The last of the baby boomer generation will be turning 65 in 2030, marking a pivotal moment in a demographic squeeze that has loomed over Canadian workplaces for years. By then, most of this generation will be retired – and the labour market will face a new reality.
“A big group of people that have a lot of experience and have seen a lot and [carry] a lot of wisdom will exit our labour market,” says Rafael Gomez, a professor and director of the University of Toronto’s Centre for Industrial Relations and Human Resources who has researched aging demographics in the working population extensively.
Presently, one-third of workers in Canada are millennials, with Gen Xers close behind at 29.5 per cent, and the younger Gen Z ringing in at 17.6 per cent. However, Gen Xers have been routinely passed over when it comes to promotions – meaning their experience levels may not completely fill the void left by retiring boomers. They’re also vastly outnumbered by younger generations.
This, says Mr. Gomez, may cause the labour market to lose its delicate balance – with some industries facing more dramatic upheavals than others. At last count, there were around 700,000 unfilled jobs in the country, most notably in food services, health care, social services and construction.
Mary Van Buren, president of the Canadian Construction Association (CCA), says the construction industry alone currently has about 61,000 vacancies.
“We expect about 245,000 retirements by 2032 and around 240,000 people to replace those,” says Ms. Van Buren. With a shortfall of 5,000 from retirements and the current 61,000 vacancies, she estimates the industry has about 66,000 roles to fill in the immediate future. “We have a huge recruitment job to do.”
It’s the same across the skilled trades. With around 700,000 skilled trades workers expected to retire by 2028, the Canadian Apprenticeship Forum estimates an average of 75,000 new apprentices will need to be hired per year over the next five years to meet the demand for skilled journeypersons in Red Seal trades. The trades most at risk of not meeting that demand include welder, industrial mechanic, bricklayer, boilermaker, cook and hairstylist.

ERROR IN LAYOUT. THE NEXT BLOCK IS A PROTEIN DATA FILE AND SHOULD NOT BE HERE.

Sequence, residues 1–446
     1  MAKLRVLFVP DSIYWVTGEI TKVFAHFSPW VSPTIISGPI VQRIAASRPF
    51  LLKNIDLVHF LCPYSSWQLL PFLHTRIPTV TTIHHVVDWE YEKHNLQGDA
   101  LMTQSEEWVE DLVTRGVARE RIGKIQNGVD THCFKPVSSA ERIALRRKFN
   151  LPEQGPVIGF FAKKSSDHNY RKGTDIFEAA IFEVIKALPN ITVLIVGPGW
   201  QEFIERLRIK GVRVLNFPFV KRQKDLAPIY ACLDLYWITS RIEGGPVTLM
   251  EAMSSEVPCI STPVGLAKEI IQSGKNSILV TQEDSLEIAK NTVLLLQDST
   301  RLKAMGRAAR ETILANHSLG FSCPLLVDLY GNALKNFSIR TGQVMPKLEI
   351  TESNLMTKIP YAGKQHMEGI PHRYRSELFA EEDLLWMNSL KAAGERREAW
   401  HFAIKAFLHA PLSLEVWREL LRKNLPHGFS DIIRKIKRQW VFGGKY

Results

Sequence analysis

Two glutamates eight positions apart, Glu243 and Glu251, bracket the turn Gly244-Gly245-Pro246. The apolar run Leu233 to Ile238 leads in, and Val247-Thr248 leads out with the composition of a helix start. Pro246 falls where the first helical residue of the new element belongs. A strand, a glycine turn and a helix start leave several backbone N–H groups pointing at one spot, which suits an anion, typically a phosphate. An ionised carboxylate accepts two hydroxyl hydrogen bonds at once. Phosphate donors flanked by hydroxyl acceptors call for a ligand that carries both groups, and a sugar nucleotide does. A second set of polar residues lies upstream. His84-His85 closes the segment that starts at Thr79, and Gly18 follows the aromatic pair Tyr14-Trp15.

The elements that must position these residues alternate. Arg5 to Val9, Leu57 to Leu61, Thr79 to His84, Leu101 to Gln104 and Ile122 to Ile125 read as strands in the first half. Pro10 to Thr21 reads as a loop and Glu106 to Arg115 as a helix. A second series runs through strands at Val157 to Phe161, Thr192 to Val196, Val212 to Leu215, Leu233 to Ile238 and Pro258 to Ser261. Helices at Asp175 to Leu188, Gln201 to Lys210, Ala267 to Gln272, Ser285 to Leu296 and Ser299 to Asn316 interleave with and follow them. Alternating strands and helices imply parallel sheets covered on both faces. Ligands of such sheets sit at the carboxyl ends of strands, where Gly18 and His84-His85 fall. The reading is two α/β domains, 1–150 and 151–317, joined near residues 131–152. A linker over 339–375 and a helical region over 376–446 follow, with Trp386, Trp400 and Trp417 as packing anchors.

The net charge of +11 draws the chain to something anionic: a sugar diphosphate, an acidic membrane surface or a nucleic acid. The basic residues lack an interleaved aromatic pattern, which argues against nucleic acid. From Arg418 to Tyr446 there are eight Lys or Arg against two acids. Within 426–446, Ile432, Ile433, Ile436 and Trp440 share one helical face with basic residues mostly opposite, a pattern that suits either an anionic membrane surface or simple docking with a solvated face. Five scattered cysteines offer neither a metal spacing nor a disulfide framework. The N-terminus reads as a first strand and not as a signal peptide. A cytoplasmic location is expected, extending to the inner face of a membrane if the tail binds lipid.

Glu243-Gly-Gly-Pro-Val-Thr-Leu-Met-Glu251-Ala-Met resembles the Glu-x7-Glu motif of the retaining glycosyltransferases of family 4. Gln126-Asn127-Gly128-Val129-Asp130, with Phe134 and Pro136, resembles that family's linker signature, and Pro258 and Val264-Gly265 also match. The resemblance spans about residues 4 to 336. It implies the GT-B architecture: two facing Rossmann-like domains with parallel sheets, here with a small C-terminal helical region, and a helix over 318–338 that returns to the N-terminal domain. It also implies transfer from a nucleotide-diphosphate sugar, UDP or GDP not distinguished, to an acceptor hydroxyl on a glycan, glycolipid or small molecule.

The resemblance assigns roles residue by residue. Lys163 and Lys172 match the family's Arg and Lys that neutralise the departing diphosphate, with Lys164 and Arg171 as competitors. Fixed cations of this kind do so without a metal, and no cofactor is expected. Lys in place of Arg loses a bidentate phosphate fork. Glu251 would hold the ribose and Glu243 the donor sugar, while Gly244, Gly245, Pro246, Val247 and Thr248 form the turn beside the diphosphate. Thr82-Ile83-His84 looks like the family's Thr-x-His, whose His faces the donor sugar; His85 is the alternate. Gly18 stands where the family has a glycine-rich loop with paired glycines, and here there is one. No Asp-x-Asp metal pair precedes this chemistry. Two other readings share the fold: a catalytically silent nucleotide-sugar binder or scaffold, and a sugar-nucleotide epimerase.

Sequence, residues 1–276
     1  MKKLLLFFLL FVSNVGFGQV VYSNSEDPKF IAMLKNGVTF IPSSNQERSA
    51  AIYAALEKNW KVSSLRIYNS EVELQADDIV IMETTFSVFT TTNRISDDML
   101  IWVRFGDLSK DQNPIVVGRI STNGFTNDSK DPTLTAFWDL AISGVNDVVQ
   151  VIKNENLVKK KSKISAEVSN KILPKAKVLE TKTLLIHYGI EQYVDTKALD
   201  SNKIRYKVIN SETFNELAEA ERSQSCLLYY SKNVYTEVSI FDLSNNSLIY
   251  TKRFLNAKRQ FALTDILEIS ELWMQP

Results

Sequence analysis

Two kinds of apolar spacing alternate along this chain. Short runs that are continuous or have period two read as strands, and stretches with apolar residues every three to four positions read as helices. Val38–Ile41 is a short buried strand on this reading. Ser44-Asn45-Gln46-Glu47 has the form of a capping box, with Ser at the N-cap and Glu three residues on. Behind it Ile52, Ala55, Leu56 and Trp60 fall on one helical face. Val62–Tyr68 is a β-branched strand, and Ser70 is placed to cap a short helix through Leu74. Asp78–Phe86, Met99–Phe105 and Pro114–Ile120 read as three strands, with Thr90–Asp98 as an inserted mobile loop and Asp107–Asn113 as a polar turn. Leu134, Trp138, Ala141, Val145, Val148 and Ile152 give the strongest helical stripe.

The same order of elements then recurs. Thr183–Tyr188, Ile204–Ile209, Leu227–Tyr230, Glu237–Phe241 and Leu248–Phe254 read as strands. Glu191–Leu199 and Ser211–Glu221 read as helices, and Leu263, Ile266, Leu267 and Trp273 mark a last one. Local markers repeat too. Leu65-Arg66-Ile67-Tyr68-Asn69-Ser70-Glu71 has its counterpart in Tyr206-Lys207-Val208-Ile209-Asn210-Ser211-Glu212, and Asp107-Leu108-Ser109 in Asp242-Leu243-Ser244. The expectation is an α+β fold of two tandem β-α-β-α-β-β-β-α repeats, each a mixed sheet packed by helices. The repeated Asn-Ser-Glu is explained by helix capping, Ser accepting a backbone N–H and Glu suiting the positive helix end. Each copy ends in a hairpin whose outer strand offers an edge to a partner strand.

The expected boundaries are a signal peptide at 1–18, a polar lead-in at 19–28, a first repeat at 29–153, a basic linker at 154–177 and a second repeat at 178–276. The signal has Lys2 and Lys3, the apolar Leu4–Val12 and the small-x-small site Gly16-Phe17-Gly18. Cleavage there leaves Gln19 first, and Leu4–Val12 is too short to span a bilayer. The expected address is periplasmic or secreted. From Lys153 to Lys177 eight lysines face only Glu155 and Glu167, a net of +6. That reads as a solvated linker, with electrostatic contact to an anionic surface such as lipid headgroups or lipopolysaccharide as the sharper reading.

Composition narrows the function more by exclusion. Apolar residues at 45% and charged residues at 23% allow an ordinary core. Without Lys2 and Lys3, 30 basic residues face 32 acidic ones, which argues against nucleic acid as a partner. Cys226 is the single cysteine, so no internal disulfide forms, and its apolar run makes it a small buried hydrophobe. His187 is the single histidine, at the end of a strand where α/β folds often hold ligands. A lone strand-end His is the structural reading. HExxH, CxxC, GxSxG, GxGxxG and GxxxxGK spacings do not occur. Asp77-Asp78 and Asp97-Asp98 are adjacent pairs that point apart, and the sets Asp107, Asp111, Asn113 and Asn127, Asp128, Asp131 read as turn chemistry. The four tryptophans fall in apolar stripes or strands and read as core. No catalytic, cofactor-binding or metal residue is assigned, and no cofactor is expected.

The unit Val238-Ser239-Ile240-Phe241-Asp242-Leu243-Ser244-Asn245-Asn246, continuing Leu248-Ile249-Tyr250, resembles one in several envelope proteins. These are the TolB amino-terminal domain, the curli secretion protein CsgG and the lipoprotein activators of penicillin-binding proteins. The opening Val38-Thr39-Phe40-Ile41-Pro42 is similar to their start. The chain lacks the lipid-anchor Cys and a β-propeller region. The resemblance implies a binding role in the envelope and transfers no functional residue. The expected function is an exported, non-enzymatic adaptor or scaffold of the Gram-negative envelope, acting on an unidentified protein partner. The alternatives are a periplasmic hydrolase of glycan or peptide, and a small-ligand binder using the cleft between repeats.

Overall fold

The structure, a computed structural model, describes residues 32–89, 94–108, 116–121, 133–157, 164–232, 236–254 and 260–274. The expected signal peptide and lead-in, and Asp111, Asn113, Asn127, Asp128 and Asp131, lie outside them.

Ms. Van Buren says one of the challenges of filling these roles is the perception of skilled trades. “Most of us went through school and were told that university is the desirable career path,” she says. “A lot of shop classes were eliminated in high schools and with the Federal government immigration pointing system, higher education equals higher points.”
Ms. Van Buren says there’s a serious concern about filling these roles at a critical time for growth in infrastructure across Canada. But it’s not just the ability of organizations to hire the talent they need. The boomer exodus is also creating an imbalance between experience and technical innovation.
Mr. Gomez says younger generations tend to come in with a better grasp on emerging technologies and ideas on moving organizations into the future, while older generations have insight and institutional memory that can better predict the failure of an idea. Both are necessary, says Mr. Gomez – but, as his research shows, they need to be balanced.
“You don’t want tons of people who are just in those positions saying no to every new idea because occasionally those ideas are different,” says Mr. Gomez. “On the flip side, an economy or an organization that doesn’t have enough gatekeepers might just spit out ideas that can cause an organization to fail.”
In the case of baby boomers retiring, Mr. Gomez says it’s going to affect organizations disproportionately.
Larger and more established companies will likely feel the demographic crunch more sharply. These types of companies tend to require more senior leadership roles and managers and often have to invest a lot more in training staff. “Older workers tend to be found in careers that have longer career paths – public service, education, health and large corporations like banks and telecom,” says Mr. Gomez.
Newer companies and startups will be less affected, says Mr. Gomez, because they tend to hire younger and newer entrants into the work force who already have a better understanding of technology.
With growing job vacancies in former boomer strongholds, holding up the labour market – and legacy companies – will fall on Gen Xers and elder millennials. To head off looming disruptions, now is the time for those workers to get upskilling, retraining and advancement.
“Maybe at the very end of their careers, they can assume some of these roles that were denied them just by the sheer numbers and the demographic weight of that baby boom generation,” he says. “[They could] fill that gap of experience that’s needed to still manage corporations, especially larger organizations.”
Editor’s note: An earlier version of this article erroneously cited '245,000 retirements by 2023'. The correct information is '245,000 retirements by 2032.'